Could AI halt blindness? DeepMind and this London hospital are finding out

 
Lynsey Barber
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Machines may be able to diagnose better than doctors (Source: Getty)

DeepMind, the pioneering British artificial intelligence company owned by Google, is researching how the technology may help save people's sight in a new partnership with leading London eye hospital Moorfields.

The firm's machine learning technology, which has already demonstrated its ability to beat humans at the chess-like game Go, will be used to analyse two conditions - diabetic retinopathy and age-related macular degeneration (AMD) - which affect more than half a million people in the UK alone and are two of the biggest causes of blindness.

This will be done by using computers to read complex eye scans, a task currently performed by doctors, to see if the process can be made more efficient and accurate to detect conditions earlier and prevent sight deterioration.

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The firm, bought by Google for millions in 2014, will have access to millions of patient eye scans, but on an anonymous basis, from which the technology can learn.

"It’s early days for this work, but we’re optimistic about the long-term potential for machine learning technology to help eye health professionals diagnose and treat other diseases that, like macular degeneration, affect the lives of millions of people across the world. It’s a hugely exciting opportunity to make a difference to the NHS and its patients," the company said.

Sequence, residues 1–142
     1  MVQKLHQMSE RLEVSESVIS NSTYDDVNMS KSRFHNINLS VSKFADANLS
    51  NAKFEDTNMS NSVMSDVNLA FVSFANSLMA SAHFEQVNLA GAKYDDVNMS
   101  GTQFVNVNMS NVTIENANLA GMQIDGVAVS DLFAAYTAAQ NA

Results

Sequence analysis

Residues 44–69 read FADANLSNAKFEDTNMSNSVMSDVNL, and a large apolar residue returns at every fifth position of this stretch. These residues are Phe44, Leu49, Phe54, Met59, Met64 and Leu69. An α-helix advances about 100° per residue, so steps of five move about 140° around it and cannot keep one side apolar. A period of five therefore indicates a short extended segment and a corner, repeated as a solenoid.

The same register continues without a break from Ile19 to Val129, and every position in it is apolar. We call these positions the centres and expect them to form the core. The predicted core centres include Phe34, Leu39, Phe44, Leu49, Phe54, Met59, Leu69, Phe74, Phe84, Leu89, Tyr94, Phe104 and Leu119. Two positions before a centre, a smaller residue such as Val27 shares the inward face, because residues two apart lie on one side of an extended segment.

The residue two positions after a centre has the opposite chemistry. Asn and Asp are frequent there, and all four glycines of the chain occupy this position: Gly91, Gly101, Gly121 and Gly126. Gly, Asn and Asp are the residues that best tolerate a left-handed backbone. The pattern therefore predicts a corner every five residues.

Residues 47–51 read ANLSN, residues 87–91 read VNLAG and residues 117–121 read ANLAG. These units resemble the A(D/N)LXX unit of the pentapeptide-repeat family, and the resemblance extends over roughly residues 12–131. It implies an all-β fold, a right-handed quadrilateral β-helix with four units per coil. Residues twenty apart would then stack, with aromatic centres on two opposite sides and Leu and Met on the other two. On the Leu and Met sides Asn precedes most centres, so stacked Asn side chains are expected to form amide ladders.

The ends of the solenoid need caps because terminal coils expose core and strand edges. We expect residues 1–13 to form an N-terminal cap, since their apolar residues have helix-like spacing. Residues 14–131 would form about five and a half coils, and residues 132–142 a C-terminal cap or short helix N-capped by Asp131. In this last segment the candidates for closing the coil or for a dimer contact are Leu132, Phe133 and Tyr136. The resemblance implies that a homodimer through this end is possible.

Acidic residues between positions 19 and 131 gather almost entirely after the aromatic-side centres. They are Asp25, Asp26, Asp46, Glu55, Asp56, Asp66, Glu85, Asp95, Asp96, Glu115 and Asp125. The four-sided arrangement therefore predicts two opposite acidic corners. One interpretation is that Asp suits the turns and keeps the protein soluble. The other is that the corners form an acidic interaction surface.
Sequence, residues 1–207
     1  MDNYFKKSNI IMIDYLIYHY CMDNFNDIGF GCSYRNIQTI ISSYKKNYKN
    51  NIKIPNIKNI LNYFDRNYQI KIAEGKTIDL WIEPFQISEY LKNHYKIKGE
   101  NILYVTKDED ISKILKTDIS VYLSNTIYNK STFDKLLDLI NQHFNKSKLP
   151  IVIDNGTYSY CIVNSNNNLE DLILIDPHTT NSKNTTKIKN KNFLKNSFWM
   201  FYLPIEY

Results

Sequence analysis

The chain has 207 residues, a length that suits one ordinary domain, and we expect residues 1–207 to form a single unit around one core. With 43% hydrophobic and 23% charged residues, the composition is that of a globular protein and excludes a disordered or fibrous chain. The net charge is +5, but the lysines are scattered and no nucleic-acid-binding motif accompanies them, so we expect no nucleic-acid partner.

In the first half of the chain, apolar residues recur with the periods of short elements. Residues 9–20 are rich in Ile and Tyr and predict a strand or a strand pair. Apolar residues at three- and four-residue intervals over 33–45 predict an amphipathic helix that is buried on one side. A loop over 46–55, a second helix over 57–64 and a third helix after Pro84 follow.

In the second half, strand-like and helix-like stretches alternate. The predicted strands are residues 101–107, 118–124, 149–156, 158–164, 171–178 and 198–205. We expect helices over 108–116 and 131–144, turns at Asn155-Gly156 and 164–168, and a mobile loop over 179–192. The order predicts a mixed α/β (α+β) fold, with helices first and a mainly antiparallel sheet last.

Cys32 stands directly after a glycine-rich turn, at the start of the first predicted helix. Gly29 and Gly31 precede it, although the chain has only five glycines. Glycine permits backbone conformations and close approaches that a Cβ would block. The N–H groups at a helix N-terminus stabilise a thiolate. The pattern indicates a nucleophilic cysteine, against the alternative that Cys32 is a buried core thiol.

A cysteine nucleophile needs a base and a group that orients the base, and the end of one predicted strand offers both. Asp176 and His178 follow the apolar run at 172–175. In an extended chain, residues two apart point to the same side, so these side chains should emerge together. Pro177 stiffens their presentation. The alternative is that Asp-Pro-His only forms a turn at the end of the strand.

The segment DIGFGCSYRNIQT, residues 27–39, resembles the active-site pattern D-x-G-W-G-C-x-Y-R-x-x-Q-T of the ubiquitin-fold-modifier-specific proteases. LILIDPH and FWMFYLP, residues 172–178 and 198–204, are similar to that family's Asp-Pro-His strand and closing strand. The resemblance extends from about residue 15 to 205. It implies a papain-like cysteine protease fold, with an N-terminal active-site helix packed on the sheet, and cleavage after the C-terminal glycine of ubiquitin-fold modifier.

DeepMind has faced criticism over its previous partnerships with NHS Trusts and its access to personal data, despite assurances of encrypted information and previous partnerships with private companies to share data in recent years.

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"This has huge potential for patients" said Moorfields consultant ophthalmologist Pearse Keane. "It will allow us to get much earlier detection of these blinding diseases and as a result of that, I think we'll get much earlier intervention and much earlier treatment for these patients."

Keane was the one to approach DeepMind about partnering on the research and the two organisations are already exploring further agreements on research using the scans, DeepMind said in a more transparent Q + A than previous partnership announcements.

The research will also be submitted for peer review in the same way as academic research papers for scrutiny by medical experts.

DeepMind co-founder Mustafa Suleyman also sought to alay worries over the deal. In a blog post he wrote:

"Whether we’re helping clinicians provide day to day patient care with mobile apps or making breakthroughs in medical research, work in health requires data. Treating this data with respect really matters. There are different authorities that give different types of approvals and oversight for NHS data use: HSCIC, HRA, MHRA, ICO, Caldicott Guardians, and many, many more. We’re committed to working with all these groups, and making sure with their help that we get it right."

"In this work, we know that we’re held to the highest level of scrutiny. DeepMind operates autonomously from Google, and we’ve been clear from the outset that at no stage will patient data ever be linked or associated with Google accounts, products or services."

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